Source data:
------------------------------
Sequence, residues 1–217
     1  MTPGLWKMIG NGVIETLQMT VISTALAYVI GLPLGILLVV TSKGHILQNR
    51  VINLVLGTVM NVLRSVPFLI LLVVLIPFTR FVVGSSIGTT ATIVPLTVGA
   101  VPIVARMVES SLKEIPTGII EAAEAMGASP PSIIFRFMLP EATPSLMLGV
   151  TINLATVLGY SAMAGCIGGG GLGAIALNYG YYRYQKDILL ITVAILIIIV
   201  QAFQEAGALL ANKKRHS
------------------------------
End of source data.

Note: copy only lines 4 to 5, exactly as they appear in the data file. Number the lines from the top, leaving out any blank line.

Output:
   101  VPIVARMVES SLKEIPTGII EAAEAMGASP PSIIFRFMLP EATPSLMLGV
   151  TINLATVLGY SAMAGCIGGG GLGAIALNYG YYRYQKDILL ITVAILIIIV